The physical design or layout of a clinical space can affect patient safety.  This mixed-methods study of 8 ambulatory oncology offices found that the physical layout (e.g., visibility of patients during infusion) and location (i.e., proximity of infusion center to prescribers) impacted communication and patient safety. Consultation with clinicians regarding the physical environment prior to design of ambulatory oncology clinics could improve communication and therefore patient safety.

Armstrong Institute for Patient Safety and Quality. October 11, 15 and 20, 2021.

Human factors engineering (HFE) is a primary strategy for advancing safety in health care. This virtual workshop will introduce HFE methods and discuss how they can be used to reduce risk through design improvements in a variety of process and interpersonal situations.
Stokke R, Melby L, Isaksen J, et al. BMC Health Serv Res. 2021;21(1):553.
This article explored the interface of technology and patients in home care. Researchers identified three work processes that contribute to patient safety: aligning people with technologies, being alert and staying calm, and coordinating activities based on people and technology. Topics for future research should include the division of labor on home care shifts, the need for new routines and education in telecare for care workers, and how decisions are made regarding home technology.

Farnborough, UK: Healthcare Safety Investigation Branch; June 3, 2021.

Wrong site/wrong patent surgery is a persistent healthcare never event. This report examines National Health Service (NHS) reporting data to identify how ambulatory patient identification errors contribute to wrong patient care. The authors recommend that the NHS use human factors methods to design control processes to target and manage the risks in the outpatient environment such as lack of technology integration, shared waiting area space, and reliance on verbal communication at clinic.
Bailey E, Dungarwalla M. Prim Dent J. 2021;10(1):89-95.
Research into patient safety culture in primary dental care remains limited. This commentary provides an overview of patient safety in dentistry and tools to develop a robust patient safety culture, including human factors and supporting second victims.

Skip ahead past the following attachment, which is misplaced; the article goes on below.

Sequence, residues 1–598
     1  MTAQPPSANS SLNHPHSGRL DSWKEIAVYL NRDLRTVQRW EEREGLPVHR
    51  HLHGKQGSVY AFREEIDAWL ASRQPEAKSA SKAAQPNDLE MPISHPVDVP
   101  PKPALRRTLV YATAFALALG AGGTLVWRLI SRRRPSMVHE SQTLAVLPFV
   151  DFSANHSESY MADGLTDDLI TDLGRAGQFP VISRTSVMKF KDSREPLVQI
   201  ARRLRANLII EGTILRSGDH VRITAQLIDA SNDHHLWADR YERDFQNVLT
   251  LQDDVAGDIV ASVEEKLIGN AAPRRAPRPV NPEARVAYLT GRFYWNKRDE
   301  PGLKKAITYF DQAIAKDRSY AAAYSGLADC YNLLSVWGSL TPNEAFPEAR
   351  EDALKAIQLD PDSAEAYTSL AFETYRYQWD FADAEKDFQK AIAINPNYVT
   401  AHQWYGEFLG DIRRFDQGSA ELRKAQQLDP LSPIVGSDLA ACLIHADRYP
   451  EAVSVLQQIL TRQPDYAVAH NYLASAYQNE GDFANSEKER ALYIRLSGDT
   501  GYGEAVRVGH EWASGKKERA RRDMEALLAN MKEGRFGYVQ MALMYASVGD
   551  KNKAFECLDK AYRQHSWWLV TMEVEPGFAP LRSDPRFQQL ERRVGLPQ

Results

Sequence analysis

Farnborough, UK: Healthcare Safety Investigation Branch; April 22, 2021.

Wrong-site surgery in dentistry is a frequent and persistent never event. This report examines a case of pediatric wrong tooth extraction to reveal how the application of safety standards is influenced by the work environment and discusses the use of forcing functions to create barriers to error in practice.
Kakemam E, Chegini Z, Rouhi A, et al. J Nurs Manag. 2021;Epub May 10.
Clinician burnout, characterized by emotional exhaustion, depersonalization, and decreased sense of accomplishment, can result in worse patient safety outcomes. This study explores the association of nurse burnout and self-reported occurrence of adverse events during COVID-19. Results indicate higher levels of nurse burnout were correlated with increased perception of adverse events, such as patient and family verbal abuse, medication errors, and patient and family complaints. Recommendations for decreasing burnout include access to psychosocial support and human factors approaches.
Leeftink AG, Visser J, de Laat JM, et al. Ergonomics. 2021:1-11.
Failure mode and effect analysis (FMEA) is widely used to identify latent safety hazards. The authors of this study proposed combining healthcare failure mode and effect analysis (HFMEA) with computer simulation (HFMEA-CS) for prospective risk analysis of complex and potentially harmful processes. Use of HFMEA-CS to analyze medication processes during admission and discharge for patients with a rare adrenal tumor led to a reduction in drug delivery and system errors, as well as increased drug adherence.
Della Torre V, E. Nacul F, Rosseel P, et al. Anaesthesiol Intensive Ther. 2021;Epub May 20.
Human factors (HF) is the interaction between workers, equipment, and the environment. The COVID-19 pandemic has accelerated the adoption of HF in intensive care units across the globe. This paper expands on the core concepts of HF and proposes the additional key concepts of agility, serendipity, innovation, and learning. Adoption of these HF concepts by leadership and staff can improve patient safety in intensive care units in future pandemics and other crisis situations.

A 64-year-old woman was admitted to the hospital for aortic valve replacement and aortic aneurysm repair. Following surgery, she became hypotensive and was given intravenous fluid boluses and vasopressor support with norepinephrine. On postoperative day 2, a fluid bolus was ordered; however, the fluid bag was attached to the IV line that had the vasopressor at a Y-site and the bolus was initiated.